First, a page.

What is a Casino?


A casino is a gambling establishment where people can wager money on games of chance or skill. Games include poker, craps, roulette, blackjack, and video poker. Casinos often feature entertainment such as concerts and shows. Many casinos also have restaurants and bars.

Originally, casinos were run by organized crime groups, whose members had plenty of money from their drug dealing and extortion rackets to fund operations. Mob money made the Las Vegas strip and Reno thrive, but federal crackdowns on mob influence eventually forced gangsters to pull out. Then came real estate investors and hotel chains with deep pockets that were willing to take a risk on an industry that had a seamy reputation. Today, mob influence is confined to certain areas of the country and casinos are mostly run by legitimate businessmen.

Each game of chance has a built in statistical advantage for the house, and this advantage is uniformly negative (or expected value is uniformly negative) from a player’s perspective. This edge is referred to as the “house edge” and it gives casinos a virtual assurance of gross profit. In games with an element of skill, the casino earns money from players through a commission known as the rake.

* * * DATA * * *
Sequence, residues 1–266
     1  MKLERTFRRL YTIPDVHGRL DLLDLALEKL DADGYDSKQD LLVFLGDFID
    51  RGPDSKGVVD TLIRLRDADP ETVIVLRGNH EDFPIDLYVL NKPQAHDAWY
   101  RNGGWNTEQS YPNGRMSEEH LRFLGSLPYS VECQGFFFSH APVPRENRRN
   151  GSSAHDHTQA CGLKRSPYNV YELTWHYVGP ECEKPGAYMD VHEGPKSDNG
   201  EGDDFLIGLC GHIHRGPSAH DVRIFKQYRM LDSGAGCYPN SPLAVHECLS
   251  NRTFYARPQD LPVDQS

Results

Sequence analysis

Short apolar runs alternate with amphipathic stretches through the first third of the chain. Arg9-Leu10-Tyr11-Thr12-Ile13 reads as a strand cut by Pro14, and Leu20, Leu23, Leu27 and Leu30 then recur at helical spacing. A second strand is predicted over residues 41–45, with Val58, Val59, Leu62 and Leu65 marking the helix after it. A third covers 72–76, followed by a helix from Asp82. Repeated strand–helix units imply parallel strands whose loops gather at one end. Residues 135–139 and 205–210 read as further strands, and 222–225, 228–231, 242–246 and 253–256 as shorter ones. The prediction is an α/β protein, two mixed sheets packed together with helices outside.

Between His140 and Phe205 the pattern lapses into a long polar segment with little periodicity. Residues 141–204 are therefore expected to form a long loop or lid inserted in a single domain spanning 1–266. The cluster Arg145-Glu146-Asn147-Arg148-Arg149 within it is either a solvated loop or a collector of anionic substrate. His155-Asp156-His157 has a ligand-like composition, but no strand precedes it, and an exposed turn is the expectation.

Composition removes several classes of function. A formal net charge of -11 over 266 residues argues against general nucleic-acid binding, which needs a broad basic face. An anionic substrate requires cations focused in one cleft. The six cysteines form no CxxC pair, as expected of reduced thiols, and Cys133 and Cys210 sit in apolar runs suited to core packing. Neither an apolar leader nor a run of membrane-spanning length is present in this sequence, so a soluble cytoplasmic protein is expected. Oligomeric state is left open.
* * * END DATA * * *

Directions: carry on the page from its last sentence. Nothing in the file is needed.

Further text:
Casinos have security measures in place to protect patrons’ money and personal information. For example, they may use cameras to monitor the activity of players. They also have security personnel on the floor to monitor players’ behavior and betting patterns, as well as to spot potential cheating.